Delta Air Lines, British Airways, and Southwest Airlines all experienced devastating, costly, and upsetting delays over the past several years. This past summer, airlines expected to see one of the busiest travel seasons in history. When that proved true, they tried to be as prepared as possible. Many of their passengers, though, found themselves battling chaos both in the sky and on the ground as technology failed. When the news broke customers began questioning how this could happen, and why it happened while airlines searched for the culprit.
AirlineGeeks didn’t just look for an answer, but went to find a solution. We posed the question “how can we prevent this from happening in the first place?” to Continuity Software’s Chief Technology Officer, Doron Pinhas. Continuity Software is eleven years young and carries the mission statement of “helping the world’s leading organizations prevent unplanned IT outages.”
A History of Mistakes
It’s important to remember that airline passengers aren’t always vacationers. Some people are heading to the airport for a red eye, to a funeral, or hopping onboard an afternoon flight to a family member’s wedding. Big impact on personal lives is why tech issues in aviation receive so much attention. When people are grounded, frustration peaks; and social media makes it much easier to voice.
In an era of ordering food at the airport from wired iPads, airlines rely on similar technology to get passengers to go where they need to be. Just like you and I see pop-ups on our personal systems for updates, airlines do too. Pinhas says that is because “systems as a whole are not as reliable as many commodities we are used to.” Airlines understand this and try to create redundancy by adding more components. However, bringing in more components makes systems a lot more complex and harder to manage which, in a way, makes them even more unreliable than they were to begin with. This is due to backup components essentially becoming another part of the system, that too can fail and turn the whole system to ruins unless everything is connected perfectly at all times.
Resiliency for a Price
Doron Pinhas is convinced that airlines have made resiliency a key player in their arsenal of technology. Resilience doesn’t come cheap, and the CTO does not believe airlines are saving money on such an important aspect of their companies. He favorites the expression that an airline is “only as strong as its weakest link.”
This means that even the smallest configuration mistake can bring an entire system down. And when a system is weak, most times you won’t know until it’s too late.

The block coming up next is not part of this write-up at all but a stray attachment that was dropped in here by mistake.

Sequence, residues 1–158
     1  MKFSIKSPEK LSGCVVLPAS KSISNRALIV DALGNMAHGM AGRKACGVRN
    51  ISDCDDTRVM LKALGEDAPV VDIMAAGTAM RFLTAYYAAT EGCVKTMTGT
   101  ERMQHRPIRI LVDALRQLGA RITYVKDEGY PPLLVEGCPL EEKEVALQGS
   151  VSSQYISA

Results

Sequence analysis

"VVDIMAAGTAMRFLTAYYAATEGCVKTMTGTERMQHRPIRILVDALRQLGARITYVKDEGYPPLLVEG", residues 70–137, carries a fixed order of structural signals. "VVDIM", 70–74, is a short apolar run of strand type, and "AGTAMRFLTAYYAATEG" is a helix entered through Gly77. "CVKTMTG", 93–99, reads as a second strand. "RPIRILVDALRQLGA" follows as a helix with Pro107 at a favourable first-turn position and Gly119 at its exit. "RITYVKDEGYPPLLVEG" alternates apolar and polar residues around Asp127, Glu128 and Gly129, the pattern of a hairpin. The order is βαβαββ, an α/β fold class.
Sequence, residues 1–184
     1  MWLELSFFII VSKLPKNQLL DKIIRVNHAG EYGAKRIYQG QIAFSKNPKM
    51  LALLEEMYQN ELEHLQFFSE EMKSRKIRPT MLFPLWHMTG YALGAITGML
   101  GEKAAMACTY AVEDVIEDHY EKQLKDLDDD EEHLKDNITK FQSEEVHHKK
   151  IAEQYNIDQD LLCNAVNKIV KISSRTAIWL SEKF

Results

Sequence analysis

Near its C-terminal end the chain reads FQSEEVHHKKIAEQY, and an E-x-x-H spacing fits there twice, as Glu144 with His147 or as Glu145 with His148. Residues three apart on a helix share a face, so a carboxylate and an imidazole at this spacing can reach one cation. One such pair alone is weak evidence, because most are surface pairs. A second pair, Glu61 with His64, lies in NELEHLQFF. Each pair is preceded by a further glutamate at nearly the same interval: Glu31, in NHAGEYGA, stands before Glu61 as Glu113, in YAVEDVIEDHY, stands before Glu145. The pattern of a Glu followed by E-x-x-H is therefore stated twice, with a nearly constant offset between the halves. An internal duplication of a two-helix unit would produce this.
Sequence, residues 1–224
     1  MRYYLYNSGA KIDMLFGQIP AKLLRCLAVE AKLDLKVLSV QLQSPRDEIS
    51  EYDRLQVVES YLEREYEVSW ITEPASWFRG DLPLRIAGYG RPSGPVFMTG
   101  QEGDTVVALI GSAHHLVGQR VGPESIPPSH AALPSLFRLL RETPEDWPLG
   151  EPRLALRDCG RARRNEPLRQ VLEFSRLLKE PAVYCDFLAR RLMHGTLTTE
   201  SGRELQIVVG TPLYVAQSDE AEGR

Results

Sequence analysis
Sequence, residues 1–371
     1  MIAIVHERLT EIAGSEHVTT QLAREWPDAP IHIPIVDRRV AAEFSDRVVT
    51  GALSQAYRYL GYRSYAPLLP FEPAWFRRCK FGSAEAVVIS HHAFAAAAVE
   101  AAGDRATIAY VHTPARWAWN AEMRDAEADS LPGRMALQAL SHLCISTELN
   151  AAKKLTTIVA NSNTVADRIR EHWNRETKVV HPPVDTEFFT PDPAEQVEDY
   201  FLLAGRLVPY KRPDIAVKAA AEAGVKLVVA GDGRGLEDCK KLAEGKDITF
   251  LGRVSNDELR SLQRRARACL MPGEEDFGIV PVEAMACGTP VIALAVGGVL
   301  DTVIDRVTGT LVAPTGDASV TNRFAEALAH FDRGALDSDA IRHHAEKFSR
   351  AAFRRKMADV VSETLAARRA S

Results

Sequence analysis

For example, if you have put a backup in place, you won’t know that the middleman connecting the two doesn’t work, until one system fails. Sometimes it takes an airline being punished by its own system to realize that something they have installed simply doesn’t work. Delta experienced the epitome of this kind of scenario. A small fire caused a malfunction at the airline’s Operations and Customer Center (OCC) in Atlanta. Power control was lost and the system rerouted itself to a transformer outside of Delta. A powerful surge to one source is what caused the actual outage. The airline restored power soon, but vital systems and equipment refused to come back online. A fail-safe setup is, after all, a complex setup.
Southwest, for example, had a technology malfunction that caused the cancellation of over 400 flights. Countless systems within the company had been impacted. Doron calls it the “tip of the iceberg.” The airline shared its statement in one of the ongoing updates during the outage crisis. “Make no mistake. Southwest created this problem…. The machines failed, but Heart prevailed.”
Calling All Data Experts
Pinhas’ experience has led him to believe that airlines like many other industries “do not check all IT components every day.” This is likely because the occurrence of a system completely shutting down is an infrequent event. Disaster recovery tests also have proven to come intrusively and with a hefty price tag. Airlines need to perform check-ups seamlessly and Pinhas believes that more communication will help fulfill that mission. He says that airlines need to hire people that “specialize…and those individuals or teams need to share information with one another.” Outsourcing in the job market causes misconceptions which he believes can stagnate the preventative process.
All in all, Doron Pinhas of Continuity Software believes that IT outages are preventable. He urges airlines, their customers, and companies in general to remember that a car can work with many inoperable parts. However, an “ounce of prevention, is worth a pound of cure.” With many airlines flying across the world and their thousands of computers, it’s become more pertinent that airlines take every taxiway turn in preventing the next grounding.
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